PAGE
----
Yellow is the colour that brings optimism into early spring gardens. It’s the gardener’s cheer-upper after months of slate grey and mud-brown. But yellow is not the only colour for early spring!
In my last blog post, I looked at the yellow flowers that bloom in late winter / early spring and bring a ray of sunshine to drab winter gardens. But, even as I was writing it, I noticed that Yellow often comes hand-in-hand with its partner in crime, Blue. Daffodils look enchanting with a skirt of muscari. The watery sunlight colour of native primroses is enhanced by bright blue scillas.
Blue is the colour of the sea and sky. It is the colour of peace. It calms and...
Romantic gardens are more ordered than the haphazard jostling of a cottage garden. The garden will be delightful not just to look at, but also to smell, hear, touch, perhaps even taste.
Plants for a Romantic Garden
There will be roses, of course, and they must have an old-fashioned scent. David Austin’s roses are renowned for their excellent range of colour, combined with the ability to repeat-flower and the fragrance of old garden roses.
Rosa Falstaff is a fragrant shrub rose, with deep crimson petals. It grows to 1.25m high.
The Generous Gardener is a climbing rose, growing to 4.5m. Its pale pink blooms carry a delicious Old Rose fragrance. It has earned the RHS Award of Garden Merit.
Planting up a container is a bit like designing a garden bed in miniature and the same design principles apply.
Get the colour scheme right. Nature’s soothing greens often make even unlikely plant groupings work, but don’t rely on that if you want your containers to sing. Decide whether you want harmonising or contrasting colours, pastels or rich hues.
A group of pansies in varying hues of purple-blue make a soothing combination. The bright yellow eyes and different flower sizes maintain interest.
Vibrant clashes can work well – like this glorious combination of tulips and grape hyacinths.
But take care! When my new display of red summer pelargoniums suddenly took off, they clashed horribly with a pot of purple...
Though tulips are as quintessentially Dutch as windmills and clogs, they are actually an Eastern flower, growing wild along a narrow belt, stretching from Ankara in Turkey to the mountain ranges of Pamir-Alai and Tien Shan in Central Asia. The word tulip itself is derived from the Turkish and Persian names for turban, named for the resemblance between the flower’s petals and the turban’s overlapping folds of material.
A prized flower in Turkey, the tulip later became a symbol of the Ottoman Empire, with a period during the early 18th century – noted for its prosperity and relative peace – being labelled the Tulip Era. The classic tulip motif, with elongated petals, often featured in Ottoman art.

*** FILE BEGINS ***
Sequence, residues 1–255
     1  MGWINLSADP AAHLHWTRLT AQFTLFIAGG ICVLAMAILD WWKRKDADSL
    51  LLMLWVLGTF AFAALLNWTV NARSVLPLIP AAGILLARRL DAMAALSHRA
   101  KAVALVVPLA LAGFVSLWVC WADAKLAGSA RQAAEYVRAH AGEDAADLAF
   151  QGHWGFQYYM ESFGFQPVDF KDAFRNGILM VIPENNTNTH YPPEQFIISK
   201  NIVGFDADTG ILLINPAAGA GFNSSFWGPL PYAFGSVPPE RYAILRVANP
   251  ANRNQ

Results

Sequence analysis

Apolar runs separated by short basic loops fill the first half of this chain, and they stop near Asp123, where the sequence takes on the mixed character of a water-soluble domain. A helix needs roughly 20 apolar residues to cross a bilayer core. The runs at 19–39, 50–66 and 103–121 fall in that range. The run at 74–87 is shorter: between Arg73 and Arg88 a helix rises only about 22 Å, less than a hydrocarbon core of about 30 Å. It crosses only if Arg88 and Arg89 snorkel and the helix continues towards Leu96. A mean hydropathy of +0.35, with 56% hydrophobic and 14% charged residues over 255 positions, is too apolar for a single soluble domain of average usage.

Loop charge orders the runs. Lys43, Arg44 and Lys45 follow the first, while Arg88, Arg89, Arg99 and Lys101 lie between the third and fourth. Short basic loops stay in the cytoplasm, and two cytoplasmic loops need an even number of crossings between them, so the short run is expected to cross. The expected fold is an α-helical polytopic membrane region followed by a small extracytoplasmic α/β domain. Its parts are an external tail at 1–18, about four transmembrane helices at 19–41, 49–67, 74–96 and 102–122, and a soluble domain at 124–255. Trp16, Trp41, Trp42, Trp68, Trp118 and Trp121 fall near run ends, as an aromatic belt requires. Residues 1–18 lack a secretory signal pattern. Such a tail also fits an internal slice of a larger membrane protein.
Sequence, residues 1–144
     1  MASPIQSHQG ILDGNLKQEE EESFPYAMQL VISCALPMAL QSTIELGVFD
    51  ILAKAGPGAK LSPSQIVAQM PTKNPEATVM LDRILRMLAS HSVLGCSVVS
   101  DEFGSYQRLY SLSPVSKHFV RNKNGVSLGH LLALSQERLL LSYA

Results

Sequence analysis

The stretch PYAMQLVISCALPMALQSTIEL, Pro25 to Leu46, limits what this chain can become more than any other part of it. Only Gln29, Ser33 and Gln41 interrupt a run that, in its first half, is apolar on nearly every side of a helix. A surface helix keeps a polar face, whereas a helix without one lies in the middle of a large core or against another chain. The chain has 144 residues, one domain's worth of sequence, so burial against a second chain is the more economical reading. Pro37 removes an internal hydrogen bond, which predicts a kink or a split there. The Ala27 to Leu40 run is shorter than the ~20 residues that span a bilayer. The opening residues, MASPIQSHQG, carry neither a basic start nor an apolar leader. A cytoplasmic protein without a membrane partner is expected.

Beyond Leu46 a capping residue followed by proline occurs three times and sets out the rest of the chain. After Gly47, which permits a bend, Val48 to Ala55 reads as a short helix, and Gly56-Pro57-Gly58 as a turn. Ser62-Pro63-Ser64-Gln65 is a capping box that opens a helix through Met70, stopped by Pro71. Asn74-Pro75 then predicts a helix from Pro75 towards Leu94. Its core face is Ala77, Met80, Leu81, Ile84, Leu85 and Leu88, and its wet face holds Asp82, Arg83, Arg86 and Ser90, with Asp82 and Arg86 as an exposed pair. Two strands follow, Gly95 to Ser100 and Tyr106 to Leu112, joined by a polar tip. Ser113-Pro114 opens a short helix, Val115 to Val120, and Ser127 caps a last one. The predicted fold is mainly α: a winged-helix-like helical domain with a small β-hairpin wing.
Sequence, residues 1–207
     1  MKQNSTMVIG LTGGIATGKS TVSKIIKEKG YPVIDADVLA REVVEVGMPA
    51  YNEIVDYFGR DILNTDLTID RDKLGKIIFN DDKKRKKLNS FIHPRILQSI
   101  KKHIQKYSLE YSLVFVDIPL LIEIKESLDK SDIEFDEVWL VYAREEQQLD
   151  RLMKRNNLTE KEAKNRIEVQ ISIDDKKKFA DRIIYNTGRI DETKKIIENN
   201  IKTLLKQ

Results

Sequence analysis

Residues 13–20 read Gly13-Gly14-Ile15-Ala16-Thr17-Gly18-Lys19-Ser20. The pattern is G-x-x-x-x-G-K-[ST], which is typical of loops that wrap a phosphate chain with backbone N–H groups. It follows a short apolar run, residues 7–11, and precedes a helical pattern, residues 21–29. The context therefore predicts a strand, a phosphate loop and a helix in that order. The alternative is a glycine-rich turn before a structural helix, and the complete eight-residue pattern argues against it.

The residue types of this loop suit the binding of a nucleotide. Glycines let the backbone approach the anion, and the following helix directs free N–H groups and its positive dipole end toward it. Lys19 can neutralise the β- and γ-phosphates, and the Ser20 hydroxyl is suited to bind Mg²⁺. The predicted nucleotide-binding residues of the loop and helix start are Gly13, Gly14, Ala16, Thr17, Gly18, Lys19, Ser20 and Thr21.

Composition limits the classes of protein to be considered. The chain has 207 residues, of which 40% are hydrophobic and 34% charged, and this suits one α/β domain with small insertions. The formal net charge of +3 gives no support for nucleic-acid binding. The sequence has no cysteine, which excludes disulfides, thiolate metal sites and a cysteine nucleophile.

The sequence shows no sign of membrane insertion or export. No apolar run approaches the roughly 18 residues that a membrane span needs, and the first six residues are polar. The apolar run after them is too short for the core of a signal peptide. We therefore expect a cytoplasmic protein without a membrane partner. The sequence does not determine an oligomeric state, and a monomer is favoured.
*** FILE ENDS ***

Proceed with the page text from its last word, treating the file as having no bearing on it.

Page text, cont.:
Tulips in a huge array of colours to complement any colour scheme. Crown imperials (Fritillaria imperialis), with spectacular Carmen Miranda headgear. Cheerful daffodils and chirpy violas. Here’s what I found flowering this week…
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I’m not too great when it comes to delayed gratification. I want spring – and I want it now!
Actually, I wanted it a couple of weeks ago. I like the changing of the seasons. I love autumn colours and crisp winter days, but now, I’d like the seasons to change again.
With the arrival of February, spring seemed almost within the grasp of my gardening-gloved hand. And really, February’s such a little month to endure. Those missing few days at the end of February mean that by mid-month, it’s almost over! There’s Valentine’s Day, too, slap in the middle, to cheer us up with chocolates and flowers. Suddenly, supermarket shelves are laden with bunches and baskets of flowers. Garden...
What’s the collective noun for a group of crocuses? A cluster, a crowd, a colony? A swathe, a dazzle, a drift?
On a bright, chill-nipped, late-February afternoon in Cannizaro Park, the word which comes to mind is crescendo – the pale buds, pushing up in clumps through the crumpled dead leaves and winter mud-brown soil, gradually increasing in number and intensity of colour, spilling across the grassy borders, unfurling to reveal orange stamen and deep purple petals, peaking at the very moment I reach the park gates!
Cannizaro Park is a 34-acre Grade II* listed English Heritage garden, to the south of Wimbledon Common. A private garden for 300 years, it was acquired by Wimbledon Borough Council, now London Borough...
“Daffodils that come before the swallow dares, and takes the winds of March with beauty.”
She wore her yellow sun-bonnet,
She wore her greenest gown;
She turned to the south wind
And curtsied up and down.
She turned to the sunlight
And shook her yellow head,
And whispered to her neighbour:
“Winter is dead.”
Daffodowndilly – AA Milne
The daffodil is the national flower of Wales. On March 1st – St David’s Day – we dressed up in Welsh National Costume, complete with frilly apron and tall black hat, and pinned on a daffodil. By the end of the day, it was a sorry, droopy little thing, but, still, I always preferred a real daffodil, with its fresh,...
The morning’s forecast predicted rain but I raced the east-flying rain clouds and flew out into the garden for a spot of tidying up.
Just outside our back door, there’s a welcoming, little border, with pride of place taken by a Fuji Cherry. In a few weeks time, its twisting branches will carry a dazzling display of blush-white flowers, but for the moment, the buds are tightly furled and clinging to the bare branches.
At its feet, the Daphne odora is valiantly breaking into blossom. It’s only frost hardy and the last two winters have taken their toll. Some of the glossy, cream-margined leaves have been blackened by frost and others have given up the fight and lie, carpeting the...